Whenever the word poverty is mentioned, the first thing that comes to our minds is vulnerable women in the villages, hungry children and illiteracy in the rural areas.
No one has taken time to reflect on the vulnerable women living in the urban centers, these are women who are jobless, who were widowed after the 1994 Genocide against the Tutsis.
Urban poverty is different in nature from rural poverty; there is a concern that approaches to poverty reduction developed for rural areas and may not necessarily work in cities and towns.
Poverty in Africa is predominantly rural where by the people survive mainly on agriculture. What happens to the poor in the urban centers where less or no agriculture is practiced?
Women being the back bone of every society, there is no better way of strengthening and empowering them than through small and medium enterprises. (SMEs)
The Agaseke Promotion Project, a KCC initiative sets up an income generating activity that lifts up the economically challenged or poverty stricken women in the urban centers of Rwanda.
At an exclusive interview with The NewTimes, the Agaseke project Manager Dinah Musindarwezo said that 3800 women have been trained since the projects conception in 2006.
These are women from the three districts in Kigali; Gasabo, Nyarugenge and Kicukiro.
Agaseke is a traditional beautiful woven basket. It’s woven using sisal, grass and raffia. The women make earrings, bangles and necklaces using these materials as well.
The city of Kigali hired experts in weaving to train these women who later formed 16 cooperatives and then an umbrella cooperative called Ibanga and more artisans cooperatives are encouraged to join.
The city of Kigali in partnership with MINICOM , Former RIEPA now Rwanda Development Board (RDB) and Imbuto foundation initiated the project to help and promote vulnerable women of Kigali and provide a source of income to them.
“The Agaseke Promotion Project is in line with Rwanda’s Vision 2020 of poverty eradication Strategy and hopes to increase income for each woman in the project,” Musindarwezo said.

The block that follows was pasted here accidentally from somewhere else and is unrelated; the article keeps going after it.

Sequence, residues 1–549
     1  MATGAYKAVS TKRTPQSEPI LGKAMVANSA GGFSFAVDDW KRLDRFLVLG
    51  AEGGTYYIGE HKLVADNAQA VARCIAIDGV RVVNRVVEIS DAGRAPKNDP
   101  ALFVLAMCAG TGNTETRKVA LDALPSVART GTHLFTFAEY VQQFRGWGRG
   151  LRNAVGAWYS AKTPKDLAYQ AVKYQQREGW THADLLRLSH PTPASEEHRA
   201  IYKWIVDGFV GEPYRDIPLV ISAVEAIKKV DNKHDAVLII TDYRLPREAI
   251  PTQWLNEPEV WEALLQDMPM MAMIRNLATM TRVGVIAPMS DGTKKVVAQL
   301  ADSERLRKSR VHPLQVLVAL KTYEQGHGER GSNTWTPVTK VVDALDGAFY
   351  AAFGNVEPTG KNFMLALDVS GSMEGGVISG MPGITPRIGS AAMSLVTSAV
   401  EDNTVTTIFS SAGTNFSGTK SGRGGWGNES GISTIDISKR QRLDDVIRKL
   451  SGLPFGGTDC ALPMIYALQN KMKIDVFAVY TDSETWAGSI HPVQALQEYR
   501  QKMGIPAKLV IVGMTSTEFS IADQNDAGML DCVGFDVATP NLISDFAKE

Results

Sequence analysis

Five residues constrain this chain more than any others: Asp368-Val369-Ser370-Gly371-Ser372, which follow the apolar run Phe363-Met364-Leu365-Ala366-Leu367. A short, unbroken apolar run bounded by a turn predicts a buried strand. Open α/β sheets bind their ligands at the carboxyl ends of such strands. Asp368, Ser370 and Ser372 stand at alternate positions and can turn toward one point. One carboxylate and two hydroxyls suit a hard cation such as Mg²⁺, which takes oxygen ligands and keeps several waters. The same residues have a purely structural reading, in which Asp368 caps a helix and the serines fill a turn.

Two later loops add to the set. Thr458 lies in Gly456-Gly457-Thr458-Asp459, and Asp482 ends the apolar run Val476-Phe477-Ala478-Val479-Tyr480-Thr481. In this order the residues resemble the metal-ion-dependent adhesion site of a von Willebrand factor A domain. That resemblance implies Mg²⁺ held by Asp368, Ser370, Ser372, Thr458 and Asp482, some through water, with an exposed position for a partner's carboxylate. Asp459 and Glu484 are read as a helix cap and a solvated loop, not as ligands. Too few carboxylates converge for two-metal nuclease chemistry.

According to Dinah, The city of Kigali got funds from UNIFEM to construct three kiosks one outside the city, the other one in Kacyiru next to Novotel and one at Gorilla nest hotel, Kinigi.
“We have not only trained the women to weave but also with the help of Rwanda Cooperative Agency (RCA), they now all about cooperative management.” Musindarwezo emphasized.
“Together with OXFAM, The city has it in plan to have the APP women trained on women empowerment, gender sensitive issues, human rights and HIV/AIDS.” She stressed.
Veneranda Musabamana, is one of the many women who have benefited from this cooperative. “I am now proud to say that I earn my living through the project. I can now weave many baskets in a short period of time, and I wish Rwandans would support us by appreciating and buying the products.” Vernerada Said.
She lamented that most of their market is international and she wonders why others should appreciate Rwandan culture more than the Rwandans themselves.
She can now support her family with food, shelter, clothing and school fees.
Musindarwezo concluded that the city has signed a three year Memorandum of Understanding with a Japanese company who will be buying the Agaseke weaved products.
She however urged the citizens to be buying from the above mentioned kiosks in order to support and put food on these vulnerable women’s tables.
The city will continue to support women in improving and updating their skills to enable them meet the changing demands on the market.
Also in future, women members will also be trained in entrepreneurship and management of household incomes. There will be a constructed Agaseke house to display the entire project’s product.